Home-schooled children are thinner, leaner, and report better diets relative to traditionally schooled children

Academic Article

Abstract

  • Objective To examine and compare the relationships among diet, physical activity, and adiposity between home-schooled children (HSC) and traditionally schooled children (TSC). Design and Methods Subjects were HSC (n = 47) and TSC (n = 48) aged 7-12 years old. Dietary intakes were determined via two 24-h recalls and physical activity was assessed with 7 days of accelerometry. Fat mass (FM), trunk fat, and percent body fat (%BF) were measured by dual-energy X-ray absorptiometry (DXA). Results Relative to HSC, TSC demonstrated significantly higher BMI percentiles, FM, trunk fat, and %BF; consumed 120 total kilocalories more per day; and reported increased intakes of trans fats, total sugar, added sugars, calcium, and lower intakes of fiber, fruits, and vegetables (P < 0.05). At lunch, TSC consumed significantly more calories, sugar, sodium, potassium, and calcium compared to HSC (P < 0.05). Physical activity did not differ between groups. Traditional schooling was associated with increased consumption of trans fat, sugar, calcium (P < 0.05); lower intakes of fiber, and fruits and vegetables (P < 0.05); and higher FM, %BF, and trunk fat (P < 0.01), after adjustment for covariates. Conclusions These data suggest HSC may consume diets that differ in energy and nutrient density relative to TSC, potentially contributing to differences in weight and adiposity. © 2013 The Obesity Society.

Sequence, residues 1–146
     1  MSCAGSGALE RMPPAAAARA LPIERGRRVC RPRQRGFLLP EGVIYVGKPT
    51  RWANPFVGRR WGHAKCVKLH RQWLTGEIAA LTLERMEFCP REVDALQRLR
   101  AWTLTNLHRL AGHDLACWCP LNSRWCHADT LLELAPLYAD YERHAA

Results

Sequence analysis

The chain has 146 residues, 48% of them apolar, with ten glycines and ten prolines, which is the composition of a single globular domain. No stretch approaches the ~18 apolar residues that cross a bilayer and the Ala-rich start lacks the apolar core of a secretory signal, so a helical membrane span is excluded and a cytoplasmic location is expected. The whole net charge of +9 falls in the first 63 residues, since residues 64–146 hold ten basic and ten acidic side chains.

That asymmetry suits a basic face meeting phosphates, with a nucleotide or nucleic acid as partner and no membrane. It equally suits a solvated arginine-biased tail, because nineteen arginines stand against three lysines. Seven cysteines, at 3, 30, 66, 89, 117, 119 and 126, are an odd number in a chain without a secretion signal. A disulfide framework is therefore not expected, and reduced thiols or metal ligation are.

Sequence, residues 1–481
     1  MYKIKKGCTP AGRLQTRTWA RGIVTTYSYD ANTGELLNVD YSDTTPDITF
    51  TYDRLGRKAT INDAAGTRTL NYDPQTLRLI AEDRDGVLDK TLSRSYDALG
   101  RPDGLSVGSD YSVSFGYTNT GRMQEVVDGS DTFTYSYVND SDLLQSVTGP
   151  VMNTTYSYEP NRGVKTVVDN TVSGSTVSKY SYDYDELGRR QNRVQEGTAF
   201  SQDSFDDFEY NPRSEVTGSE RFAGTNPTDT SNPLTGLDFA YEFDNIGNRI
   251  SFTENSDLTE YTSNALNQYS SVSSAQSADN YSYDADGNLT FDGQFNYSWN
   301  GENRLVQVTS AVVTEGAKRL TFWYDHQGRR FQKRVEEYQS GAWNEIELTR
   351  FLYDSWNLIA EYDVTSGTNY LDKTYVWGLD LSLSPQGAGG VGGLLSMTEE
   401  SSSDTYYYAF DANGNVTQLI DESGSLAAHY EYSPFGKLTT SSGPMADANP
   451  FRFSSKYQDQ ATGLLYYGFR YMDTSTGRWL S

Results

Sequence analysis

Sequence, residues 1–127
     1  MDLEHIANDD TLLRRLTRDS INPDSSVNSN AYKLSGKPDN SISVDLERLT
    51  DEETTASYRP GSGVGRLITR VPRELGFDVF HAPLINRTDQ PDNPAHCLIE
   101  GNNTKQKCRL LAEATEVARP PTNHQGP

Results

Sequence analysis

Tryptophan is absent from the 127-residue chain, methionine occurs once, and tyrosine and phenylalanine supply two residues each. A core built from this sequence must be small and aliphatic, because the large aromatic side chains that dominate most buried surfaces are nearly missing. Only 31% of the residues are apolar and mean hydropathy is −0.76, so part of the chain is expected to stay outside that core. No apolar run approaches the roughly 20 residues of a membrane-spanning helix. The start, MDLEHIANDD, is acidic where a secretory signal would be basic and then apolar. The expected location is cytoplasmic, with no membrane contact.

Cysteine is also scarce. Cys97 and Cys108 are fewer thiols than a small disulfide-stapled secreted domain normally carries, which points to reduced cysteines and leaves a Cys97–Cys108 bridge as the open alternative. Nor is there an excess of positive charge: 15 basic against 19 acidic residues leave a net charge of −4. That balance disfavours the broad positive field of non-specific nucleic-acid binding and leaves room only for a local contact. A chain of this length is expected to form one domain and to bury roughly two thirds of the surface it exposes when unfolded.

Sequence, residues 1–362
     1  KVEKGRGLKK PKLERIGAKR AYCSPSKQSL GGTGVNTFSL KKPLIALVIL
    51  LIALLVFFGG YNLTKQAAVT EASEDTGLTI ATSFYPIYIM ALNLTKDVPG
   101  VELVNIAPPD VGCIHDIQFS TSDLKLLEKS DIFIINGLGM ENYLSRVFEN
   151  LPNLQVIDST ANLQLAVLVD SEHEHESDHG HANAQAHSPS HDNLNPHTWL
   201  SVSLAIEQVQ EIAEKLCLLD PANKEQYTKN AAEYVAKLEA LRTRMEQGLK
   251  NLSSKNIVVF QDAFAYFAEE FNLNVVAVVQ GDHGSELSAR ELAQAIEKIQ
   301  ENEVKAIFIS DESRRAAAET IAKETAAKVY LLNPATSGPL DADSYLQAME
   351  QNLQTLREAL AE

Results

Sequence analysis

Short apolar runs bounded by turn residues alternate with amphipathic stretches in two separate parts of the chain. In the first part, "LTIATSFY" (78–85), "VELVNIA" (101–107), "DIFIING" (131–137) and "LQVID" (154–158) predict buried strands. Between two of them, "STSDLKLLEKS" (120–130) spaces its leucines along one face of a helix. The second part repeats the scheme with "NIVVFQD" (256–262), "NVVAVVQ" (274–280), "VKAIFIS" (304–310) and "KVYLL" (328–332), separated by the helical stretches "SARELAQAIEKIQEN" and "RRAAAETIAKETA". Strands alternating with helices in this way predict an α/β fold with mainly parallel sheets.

• Digital Object Identifier (doi)

    Author List

  • Cardel M; Willig AL; Dulin-Keita A; Casazza K; Cherrington A; Gunnarsdottir T; Johnson SL; Peters JC; Hill JO; Allison DB
  • Start Page

  • 497
  • End Page

  • 503
  • Volume

  • 22
  • Issue

  • 2